Peter Liddle pioneered the recording of memories of personal experience in the First World War and in the social background of those who lived through those years. Later he did the same thing with men and women for whom the Second World War was the formative experience of their lives. In this volume he has chosen memories which take the reader back to the Victorian era of sailing ships, a Hebridean boyhood, Suffragette action, pre-1914 working class life and work in the North-East of England, city life in London, service in the Boer War, pioneering a settlement in Manitoba, Canada, and the Army’s experiments in the use of man-lifting kites, airplanes and balloons.
The main focus of the book is upon the First World War with The Western Front battles, the Gallipoli Campaign and the Battle of Jutland prominently featured. Liddle also represents the Mesopotamian and East African theatres and women nursing under particularly difficult circumstances. Several Victoria Cross award winners and a fighter pilot ace appear, as do those whose distinction was to come later in their lives like Prime Minister Harold Macmillan, Sculptor Henry Moore, Labour politician Emanuel Shinwell, bouncing bomb inventor Barnes Wallis and band leader Victor Silvester. There is an interview with the first conscientious objector to be court-martialed and sentenced to death before commutation of the sentence. This book is a veritable treasure trove of the past.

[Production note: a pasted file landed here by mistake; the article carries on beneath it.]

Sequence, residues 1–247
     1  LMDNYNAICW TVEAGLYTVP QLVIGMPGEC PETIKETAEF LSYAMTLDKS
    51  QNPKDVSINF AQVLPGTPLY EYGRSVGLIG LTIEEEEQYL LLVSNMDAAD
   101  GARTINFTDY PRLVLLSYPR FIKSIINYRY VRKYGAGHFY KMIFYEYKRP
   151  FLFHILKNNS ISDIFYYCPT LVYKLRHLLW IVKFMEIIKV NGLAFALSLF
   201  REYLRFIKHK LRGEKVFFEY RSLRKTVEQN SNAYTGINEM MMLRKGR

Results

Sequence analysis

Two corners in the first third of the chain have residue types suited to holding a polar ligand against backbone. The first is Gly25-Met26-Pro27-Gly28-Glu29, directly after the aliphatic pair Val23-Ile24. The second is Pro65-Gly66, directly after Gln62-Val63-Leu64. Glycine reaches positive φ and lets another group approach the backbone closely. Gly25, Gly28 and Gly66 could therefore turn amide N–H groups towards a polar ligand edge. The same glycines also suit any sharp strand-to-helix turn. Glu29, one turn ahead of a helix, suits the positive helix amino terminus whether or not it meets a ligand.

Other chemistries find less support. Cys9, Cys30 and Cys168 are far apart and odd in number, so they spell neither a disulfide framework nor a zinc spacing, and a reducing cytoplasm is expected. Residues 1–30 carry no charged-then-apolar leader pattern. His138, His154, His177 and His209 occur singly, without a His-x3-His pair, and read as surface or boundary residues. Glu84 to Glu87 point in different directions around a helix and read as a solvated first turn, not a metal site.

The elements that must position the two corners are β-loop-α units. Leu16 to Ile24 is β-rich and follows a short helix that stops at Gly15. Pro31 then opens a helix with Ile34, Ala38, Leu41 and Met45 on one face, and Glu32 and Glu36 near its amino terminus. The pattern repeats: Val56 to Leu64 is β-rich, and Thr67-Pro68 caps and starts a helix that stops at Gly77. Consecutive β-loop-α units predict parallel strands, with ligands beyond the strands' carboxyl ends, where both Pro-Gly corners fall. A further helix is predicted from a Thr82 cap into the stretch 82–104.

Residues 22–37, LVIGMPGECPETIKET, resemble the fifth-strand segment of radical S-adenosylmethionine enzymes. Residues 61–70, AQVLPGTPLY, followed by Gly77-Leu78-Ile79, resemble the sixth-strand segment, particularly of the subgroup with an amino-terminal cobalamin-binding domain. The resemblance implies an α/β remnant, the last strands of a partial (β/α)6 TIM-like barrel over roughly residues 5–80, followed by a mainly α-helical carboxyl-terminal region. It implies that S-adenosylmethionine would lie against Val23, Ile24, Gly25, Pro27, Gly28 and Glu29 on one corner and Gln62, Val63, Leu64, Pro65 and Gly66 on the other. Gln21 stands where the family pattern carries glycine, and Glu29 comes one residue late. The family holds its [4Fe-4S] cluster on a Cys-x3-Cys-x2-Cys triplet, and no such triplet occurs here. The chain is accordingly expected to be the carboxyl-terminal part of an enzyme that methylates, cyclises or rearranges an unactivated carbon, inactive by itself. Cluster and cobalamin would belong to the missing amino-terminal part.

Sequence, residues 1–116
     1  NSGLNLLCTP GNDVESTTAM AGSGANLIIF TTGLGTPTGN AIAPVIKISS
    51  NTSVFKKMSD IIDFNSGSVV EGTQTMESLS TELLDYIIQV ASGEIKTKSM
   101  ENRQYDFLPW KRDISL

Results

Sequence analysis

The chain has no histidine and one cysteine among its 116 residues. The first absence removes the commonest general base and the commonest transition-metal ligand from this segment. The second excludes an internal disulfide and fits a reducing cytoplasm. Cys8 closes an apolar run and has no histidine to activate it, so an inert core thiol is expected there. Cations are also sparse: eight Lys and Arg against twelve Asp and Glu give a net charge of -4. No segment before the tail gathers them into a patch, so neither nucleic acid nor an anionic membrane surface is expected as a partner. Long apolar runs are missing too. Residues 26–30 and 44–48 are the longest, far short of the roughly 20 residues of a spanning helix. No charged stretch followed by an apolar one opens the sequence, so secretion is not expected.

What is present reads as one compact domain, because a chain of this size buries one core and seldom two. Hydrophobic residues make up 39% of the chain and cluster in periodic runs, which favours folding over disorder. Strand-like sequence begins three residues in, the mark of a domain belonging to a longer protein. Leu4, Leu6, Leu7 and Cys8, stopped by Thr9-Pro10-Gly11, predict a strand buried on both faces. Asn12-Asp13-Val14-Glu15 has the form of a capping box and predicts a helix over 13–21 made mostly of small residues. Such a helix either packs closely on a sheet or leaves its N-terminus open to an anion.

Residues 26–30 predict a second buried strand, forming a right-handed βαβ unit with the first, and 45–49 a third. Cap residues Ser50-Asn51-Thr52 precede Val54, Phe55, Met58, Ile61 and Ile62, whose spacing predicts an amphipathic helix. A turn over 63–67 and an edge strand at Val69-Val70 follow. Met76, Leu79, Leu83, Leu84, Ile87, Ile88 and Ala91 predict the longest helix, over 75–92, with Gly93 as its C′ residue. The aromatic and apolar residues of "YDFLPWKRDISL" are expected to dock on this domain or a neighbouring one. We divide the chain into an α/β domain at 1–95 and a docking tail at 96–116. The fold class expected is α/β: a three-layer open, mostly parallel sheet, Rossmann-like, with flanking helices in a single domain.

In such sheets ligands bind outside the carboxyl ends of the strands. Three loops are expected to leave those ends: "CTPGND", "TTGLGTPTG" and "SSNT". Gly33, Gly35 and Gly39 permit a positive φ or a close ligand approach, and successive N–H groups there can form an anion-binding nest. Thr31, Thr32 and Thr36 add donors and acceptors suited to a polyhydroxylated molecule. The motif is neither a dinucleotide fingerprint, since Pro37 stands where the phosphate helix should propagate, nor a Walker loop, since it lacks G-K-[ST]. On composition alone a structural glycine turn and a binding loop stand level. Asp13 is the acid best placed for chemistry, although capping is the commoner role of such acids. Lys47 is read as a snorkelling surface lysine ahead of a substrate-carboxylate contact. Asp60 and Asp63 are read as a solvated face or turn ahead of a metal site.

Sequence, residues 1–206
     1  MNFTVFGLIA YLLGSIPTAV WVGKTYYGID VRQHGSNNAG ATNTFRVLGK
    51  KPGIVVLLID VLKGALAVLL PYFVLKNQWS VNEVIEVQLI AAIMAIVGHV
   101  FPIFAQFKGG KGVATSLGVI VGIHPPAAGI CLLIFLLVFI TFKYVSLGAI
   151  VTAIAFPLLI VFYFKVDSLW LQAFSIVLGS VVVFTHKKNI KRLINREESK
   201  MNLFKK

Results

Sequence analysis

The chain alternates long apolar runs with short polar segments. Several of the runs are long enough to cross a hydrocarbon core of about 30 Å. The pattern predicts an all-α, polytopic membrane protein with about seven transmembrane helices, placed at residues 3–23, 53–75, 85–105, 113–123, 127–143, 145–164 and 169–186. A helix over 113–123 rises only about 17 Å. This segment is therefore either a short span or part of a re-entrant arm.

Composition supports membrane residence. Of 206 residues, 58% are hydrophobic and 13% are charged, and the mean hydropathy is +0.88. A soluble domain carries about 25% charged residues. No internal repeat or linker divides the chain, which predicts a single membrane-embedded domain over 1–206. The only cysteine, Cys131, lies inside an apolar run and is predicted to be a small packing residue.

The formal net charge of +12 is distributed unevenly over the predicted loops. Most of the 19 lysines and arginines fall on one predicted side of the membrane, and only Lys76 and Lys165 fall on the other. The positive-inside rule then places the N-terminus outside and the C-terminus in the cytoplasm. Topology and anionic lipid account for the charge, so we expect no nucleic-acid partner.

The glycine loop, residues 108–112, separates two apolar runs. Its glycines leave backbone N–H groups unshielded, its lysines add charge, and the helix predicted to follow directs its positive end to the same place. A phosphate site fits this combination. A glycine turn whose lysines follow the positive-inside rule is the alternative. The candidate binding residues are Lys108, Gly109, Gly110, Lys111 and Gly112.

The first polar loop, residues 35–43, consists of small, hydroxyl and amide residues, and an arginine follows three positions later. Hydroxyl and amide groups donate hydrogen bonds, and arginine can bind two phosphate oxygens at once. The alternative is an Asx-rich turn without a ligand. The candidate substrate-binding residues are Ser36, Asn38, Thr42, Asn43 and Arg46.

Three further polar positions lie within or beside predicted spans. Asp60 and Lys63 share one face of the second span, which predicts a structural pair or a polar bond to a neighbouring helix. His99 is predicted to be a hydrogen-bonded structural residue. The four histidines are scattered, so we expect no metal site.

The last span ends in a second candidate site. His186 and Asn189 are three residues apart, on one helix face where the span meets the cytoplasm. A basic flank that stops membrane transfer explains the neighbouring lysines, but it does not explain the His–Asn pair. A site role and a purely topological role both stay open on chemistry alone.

CAPTURED MEMORIES 1900-1918 Across The Threshold Of War
Rightly described as a ‘treasure trove of the past’ this is oral historian Peter Liddle’s impressive selection of interviewees he has met who recall their lives before and during the First World War. His subjects include Harold Macmilan, Henry Moore, Barnes Wallis and band leader Victor Silvester – and a ‘ conscientious objector sentenced to death before being reprieved.